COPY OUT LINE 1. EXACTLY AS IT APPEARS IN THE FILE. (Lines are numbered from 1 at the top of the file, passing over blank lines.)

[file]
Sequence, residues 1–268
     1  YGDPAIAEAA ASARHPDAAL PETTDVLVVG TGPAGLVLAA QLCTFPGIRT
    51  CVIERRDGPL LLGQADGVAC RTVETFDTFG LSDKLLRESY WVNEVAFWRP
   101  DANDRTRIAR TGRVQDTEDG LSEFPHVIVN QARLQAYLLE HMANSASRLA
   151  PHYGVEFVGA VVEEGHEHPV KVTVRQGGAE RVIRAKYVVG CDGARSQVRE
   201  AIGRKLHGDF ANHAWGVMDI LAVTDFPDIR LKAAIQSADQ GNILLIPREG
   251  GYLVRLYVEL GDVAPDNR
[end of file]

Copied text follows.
Sequence, residues 1–268